A 19th-Century Synopsis of Wuthering Heights by Emily Brontë
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Writing as “Ellis Bell,” Emily Brontë‘s only novel,Wuthering Heights, was published in December 1847. Presented here is a synopsis of Wuthering Heights, its ponderous plot described by a 19th century biographer of Emily’s, Mary F. Robinson
The brooding and complex story follows the intersection of two families — the Earnshaws and the Lintons. The passionate connection of Catherine Earnshaw and Heathcliff have sparked romantic imaginations as star-crossed lovers whose dramas and tragedies reverberate into the next generation.
Reviewers in Emily’s time were rather perplexed by the novel. Charlotte Brontë felt that her sister Emily’s magnum opus was poorly understood and supplied her own preface to the 1850 edition of Wuthering Heights.
By this time, Emily (1818 – 1848) had already died at the age of thirty, and Charlotte had become something of a literary celebrity for the far more successful reception of Jane Eyre. She wrote:
“Whether it is right or advisable to create beings like Heathcliff, I do not know: I scarcely think it is. But this I know: the writer who possesses the creative gift owns something of which he is not always master — something that, at times, strangely wills and works for itself.”
Literary critic Angus Ross commented:
“If Wuthering Heights is not approached as a ‘morbid romance’ it can be seen to have a very skillful arrangement. She deals with evil and good, not right and wrong, and the wildness and fierceness of her vision gives her one long work a kind of elemental power not matched in any other novel.”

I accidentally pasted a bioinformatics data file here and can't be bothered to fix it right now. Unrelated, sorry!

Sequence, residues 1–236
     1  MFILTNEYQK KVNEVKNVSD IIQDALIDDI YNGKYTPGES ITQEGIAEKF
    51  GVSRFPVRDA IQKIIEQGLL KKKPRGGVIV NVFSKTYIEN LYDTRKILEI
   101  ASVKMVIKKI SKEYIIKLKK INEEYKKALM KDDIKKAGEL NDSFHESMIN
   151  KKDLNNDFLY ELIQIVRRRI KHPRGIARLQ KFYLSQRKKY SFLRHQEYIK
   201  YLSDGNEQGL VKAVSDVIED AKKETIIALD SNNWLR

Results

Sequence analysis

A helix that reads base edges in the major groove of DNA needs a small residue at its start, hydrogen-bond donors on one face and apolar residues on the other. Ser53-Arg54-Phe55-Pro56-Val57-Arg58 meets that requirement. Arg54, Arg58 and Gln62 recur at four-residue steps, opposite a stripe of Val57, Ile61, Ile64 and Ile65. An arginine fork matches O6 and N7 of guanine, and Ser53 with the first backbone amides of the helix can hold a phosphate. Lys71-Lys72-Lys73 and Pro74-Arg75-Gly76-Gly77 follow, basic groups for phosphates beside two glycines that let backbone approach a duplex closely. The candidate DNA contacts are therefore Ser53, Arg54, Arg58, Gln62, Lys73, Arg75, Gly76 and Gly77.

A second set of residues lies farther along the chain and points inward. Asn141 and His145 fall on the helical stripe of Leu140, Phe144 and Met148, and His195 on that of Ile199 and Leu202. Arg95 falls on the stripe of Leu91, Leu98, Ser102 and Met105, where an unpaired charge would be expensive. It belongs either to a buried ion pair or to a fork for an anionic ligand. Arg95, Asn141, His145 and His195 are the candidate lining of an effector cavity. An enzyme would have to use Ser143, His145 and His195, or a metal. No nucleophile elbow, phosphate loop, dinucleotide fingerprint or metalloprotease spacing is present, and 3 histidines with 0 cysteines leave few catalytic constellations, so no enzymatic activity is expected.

Any synopsis of Wuthering Heights must, by necessity, mirror its long and complicated story. I found this 19th-century synopsis by Mary F. Robinson to be quite up to the task of encapsulating the narrative.
The following is from the book Emily Brontë by Mary F. Robinson (1883). This selection has been edited for clarity. Long quoted sections of dialog have been excluded.
For the unedited selection, go to Emily Brontë and scroll to Chapter XIV, Wuthering Heights: The Story. And before reading the synopsis that starts with the next paragraph, I recommend getting to know the cast of characters to understand their relationship to one another.
A visitor’s nightmare
The first four chapters of Wuthering Heights are merely introductory. They relate Mr. Lockwood’s visit there, his surprise at the rudeness of the place in contrast with the foreign air and look of breeding that distinguished Mr. Heathcliff and his beautiful daughter-in-law. He also noticed the profound moroseness and ill-temper of everybody in the house.
Overtaken by a snowstorm, he was, however, constrained to sleep there and was conducted by the housekeeper to an old chamber, long unused, where (since at first he could not sleep) he amused himself by looking over a few mildewed books piled on one corner of the window-ledge.
They and the ledge were scrawled all over with writing, Catherine Earnshaw, sometimes varied to Catherine Heathcliff, and again to Catherine Linton.
Nothing save these three names was written on the ledge, but the books were covered in every fly-leaf and margin with a pen-and-ink commentary, a sort of diary, as it proved, scrawled in a childish hand. Mr. Lockwood spent the first portion of the night in deciphering this faded record; a string of childish mishaps and deficiencies dated a quarter of a century ago.